- Better image quality: Scores substantially higher (36 points) in the DXO overall assessment.
- Richer colors: Generates images with noticeably better colors (3.4 bits more color depth).
- More dynamic range: Captures a larger spectrum of light and dark details (3.2 EV of extra DR).
- Better low-light sensitivity: Requires less light for good images (2.5 stops ISO advantage).
- Better video: Provides higher definition movie capture (4K/30p vs 720/30p).
- Better live-view autofocus: Features on-sensor phase-detection for more confident autofocus.
- Better sound: Can connect to an external microphone for higher quality sound recording.
- Better sound control: Has a headphone port that enables audio monitoring while recording.
- Easier framing: Has an optical viewfinder for image composition and settings control.
- Easier setting verification: Features an LCD display on top to control shooting parameters.
- Larger screen: Has a bigger rear LCD (3.2" vs 3.0") for image review and settings control.
- More detailed LCD: Has a higher resolution rear screen (1620k vs 230k dots).
- Fewer buttons to press: Is equipped with a touch-sensitive rear screen to facilitate handling.
- Faster shutter: Has higher mechanical shutter speed (1/8000s vs 1/4000s) to freeze action.
- Faster burst: Shoots at higher frequency (7 vs 3 flaps/sec) to capture the decisive moment.
- Easier time-lapse photography: Has an intervalometer built-in for low frequency shooting.
- Longer lasting: Can take more shots (900 versus 300) on a single battery charge.
- Better sealing: Is weather sealed to enable shooting in dusty or wet environments.
- Easier geotagging: Features an internal GPS sensor to log localization data.
- Faster data transfer: Supports a more advanced USB protocol (3.0 vs 2.0).
- Easier file upload: Has wifi built in for automatic backup or image transfer to the web.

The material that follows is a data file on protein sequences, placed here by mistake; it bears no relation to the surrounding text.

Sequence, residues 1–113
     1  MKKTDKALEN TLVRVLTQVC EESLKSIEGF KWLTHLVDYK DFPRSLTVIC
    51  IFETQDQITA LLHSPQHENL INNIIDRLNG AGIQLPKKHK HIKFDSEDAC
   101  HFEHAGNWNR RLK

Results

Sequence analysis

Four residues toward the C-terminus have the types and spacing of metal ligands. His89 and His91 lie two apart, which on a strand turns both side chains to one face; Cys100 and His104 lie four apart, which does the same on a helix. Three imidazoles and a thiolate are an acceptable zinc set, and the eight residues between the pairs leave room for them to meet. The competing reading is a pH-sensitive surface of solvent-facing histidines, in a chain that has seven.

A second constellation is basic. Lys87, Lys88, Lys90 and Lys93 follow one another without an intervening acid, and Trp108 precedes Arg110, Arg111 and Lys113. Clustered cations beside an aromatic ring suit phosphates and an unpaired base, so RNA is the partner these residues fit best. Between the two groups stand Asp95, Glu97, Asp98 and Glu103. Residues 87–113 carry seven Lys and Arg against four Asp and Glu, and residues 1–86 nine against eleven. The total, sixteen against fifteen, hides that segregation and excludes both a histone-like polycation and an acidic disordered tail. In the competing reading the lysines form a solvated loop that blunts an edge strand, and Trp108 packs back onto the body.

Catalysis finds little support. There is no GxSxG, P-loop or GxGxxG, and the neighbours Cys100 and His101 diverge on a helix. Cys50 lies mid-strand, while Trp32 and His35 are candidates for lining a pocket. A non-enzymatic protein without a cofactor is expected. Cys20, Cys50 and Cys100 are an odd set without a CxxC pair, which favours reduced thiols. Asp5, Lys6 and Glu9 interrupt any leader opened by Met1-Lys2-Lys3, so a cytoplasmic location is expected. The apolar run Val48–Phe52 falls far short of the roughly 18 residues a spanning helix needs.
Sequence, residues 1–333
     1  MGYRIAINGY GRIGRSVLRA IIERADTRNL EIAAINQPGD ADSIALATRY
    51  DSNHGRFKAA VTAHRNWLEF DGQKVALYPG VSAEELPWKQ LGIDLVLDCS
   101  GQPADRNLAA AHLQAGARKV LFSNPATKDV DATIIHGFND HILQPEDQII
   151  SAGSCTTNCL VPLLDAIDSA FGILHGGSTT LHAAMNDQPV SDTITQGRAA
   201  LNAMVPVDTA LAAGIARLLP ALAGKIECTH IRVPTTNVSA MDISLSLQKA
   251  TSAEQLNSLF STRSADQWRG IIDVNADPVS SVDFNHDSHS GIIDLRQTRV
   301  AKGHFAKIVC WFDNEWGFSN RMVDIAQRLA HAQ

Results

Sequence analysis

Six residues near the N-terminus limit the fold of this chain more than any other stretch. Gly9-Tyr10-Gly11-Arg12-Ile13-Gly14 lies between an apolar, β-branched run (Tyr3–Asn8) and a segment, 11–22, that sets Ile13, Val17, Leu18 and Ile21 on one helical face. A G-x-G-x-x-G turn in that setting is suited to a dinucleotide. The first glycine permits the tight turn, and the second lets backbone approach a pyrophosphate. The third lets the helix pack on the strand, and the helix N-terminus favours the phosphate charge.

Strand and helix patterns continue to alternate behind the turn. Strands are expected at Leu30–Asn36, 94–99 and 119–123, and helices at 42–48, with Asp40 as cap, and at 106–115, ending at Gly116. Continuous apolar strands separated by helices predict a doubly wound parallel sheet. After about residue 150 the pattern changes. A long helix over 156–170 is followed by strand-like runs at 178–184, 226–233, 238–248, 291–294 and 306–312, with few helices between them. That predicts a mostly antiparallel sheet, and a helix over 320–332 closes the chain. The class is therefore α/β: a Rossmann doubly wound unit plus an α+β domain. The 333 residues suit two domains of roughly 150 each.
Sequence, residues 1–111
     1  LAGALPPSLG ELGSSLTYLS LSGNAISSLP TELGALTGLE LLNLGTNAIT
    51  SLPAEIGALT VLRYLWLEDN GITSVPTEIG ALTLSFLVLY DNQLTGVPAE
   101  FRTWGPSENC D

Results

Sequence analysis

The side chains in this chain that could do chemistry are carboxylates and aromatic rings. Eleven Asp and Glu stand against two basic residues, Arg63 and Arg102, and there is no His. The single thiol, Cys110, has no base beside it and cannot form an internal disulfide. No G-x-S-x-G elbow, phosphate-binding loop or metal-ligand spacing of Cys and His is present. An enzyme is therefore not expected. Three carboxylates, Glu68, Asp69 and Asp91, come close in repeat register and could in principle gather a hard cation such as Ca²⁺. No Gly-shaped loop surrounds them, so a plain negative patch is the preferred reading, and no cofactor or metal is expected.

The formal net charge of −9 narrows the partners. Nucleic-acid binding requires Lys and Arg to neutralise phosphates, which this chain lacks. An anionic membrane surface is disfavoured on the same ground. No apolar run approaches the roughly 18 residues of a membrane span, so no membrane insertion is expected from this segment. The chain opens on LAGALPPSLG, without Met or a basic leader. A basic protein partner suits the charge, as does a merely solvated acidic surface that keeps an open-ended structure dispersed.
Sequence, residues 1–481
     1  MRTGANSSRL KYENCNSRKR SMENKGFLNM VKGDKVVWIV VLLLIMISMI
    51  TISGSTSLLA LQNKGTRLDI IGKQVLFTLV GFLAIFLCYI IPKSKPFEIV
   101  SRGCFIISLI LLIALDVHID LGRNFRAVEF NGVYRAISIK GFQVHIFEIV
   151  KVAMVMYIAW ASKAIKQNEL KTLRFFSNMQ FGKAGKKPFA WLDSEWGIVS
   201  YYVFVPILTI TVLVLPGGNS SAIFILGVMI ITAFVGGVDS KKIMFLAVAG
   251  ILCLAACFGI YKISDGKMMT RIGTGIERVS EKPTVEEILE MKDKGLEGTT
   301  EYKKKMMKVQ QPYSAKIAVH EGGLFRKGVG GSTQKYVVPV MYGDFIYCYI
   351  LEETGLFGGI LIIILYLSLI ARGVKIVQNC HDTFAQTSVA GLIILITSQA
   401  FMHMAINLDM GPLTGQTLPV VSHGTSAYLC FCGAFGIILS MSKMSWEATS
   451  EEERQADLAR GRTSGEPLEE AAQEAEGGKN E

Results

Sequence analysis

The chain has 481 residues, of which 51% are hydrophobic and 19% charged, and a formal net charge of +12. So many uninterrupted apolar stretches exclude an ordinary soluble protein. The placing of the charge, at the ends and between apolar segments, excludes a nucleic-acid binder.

- Easier device pairing: Supports NFC for fast wireless image transfer over short distances.
- Better studio light control: Has a PC Sync socket to connect to professional strobe lights.
- Greater peace of mind: Features a second card slot as a backup in case of memory card failure.
- Faster buffer clearing: Has an SD card interface that supports the UHS-I standard.
- More modern: Reflects 7 years and 2 months of technical progress since the E-P1 launch.
Reasons to prefer the Olympus PEN E-P1:
- More compact: Is smaller (121x70mm vs 151x116mm) and will fit more readily into a bag.
- Less heavy: Has a lower weight (by 535g or 60 percent) and is thus easier to take along.
- Sharper images: Has stabilization technology built-in to reduce the impact of hand-shake.
- More legacy lens friendly: Can use many non-native lenses via adapters.
- More affordable: Was introduced into a lower priced category (77 percent cheaper at launch).
- More heavily discounted: Has been around for much longer (launched in June 2009).
If the number of relative strengths (bullet points above) is taken as a guide, the 5D Mark IV is the clear winner of the match-up (27 : 6 points). However, the relative importance of the various individual camera aspects will vary according to personal preferences and needs, so that you might like to apply corresponding weights to the particular features before making a decision on a new camera. A professional wedding photographer will view the differences between cameras in a way that diverges from the perspective of a travel photog, and a person interested in cityscapes has distinct needs from a macro shooter. Hence, the decision which camera is best and worth buying is often a very personal one.
How about other alternatives? Do the specifications of the Canon 5D Mark IV and the Olympus E-P1 place the cameras among the top in their class? Find out in the latest Best DSLR Camera and Best Mirrorless Interchangeable Lens Camera listings whether the two cameras rank among the cream of the crop.
In any case, while the comparison of the spec-sheets of cameras can offer a general idea of their imaging potential, it says little about, for example, the shooting experience and imaging performance of the 5D Mark IV and the E-P1 in practical situations. At times, user reviews, such as those published at amazon, address these issues in a useful manner, but such feedback is on many occasions incomplete, inconsistent, and unreliable.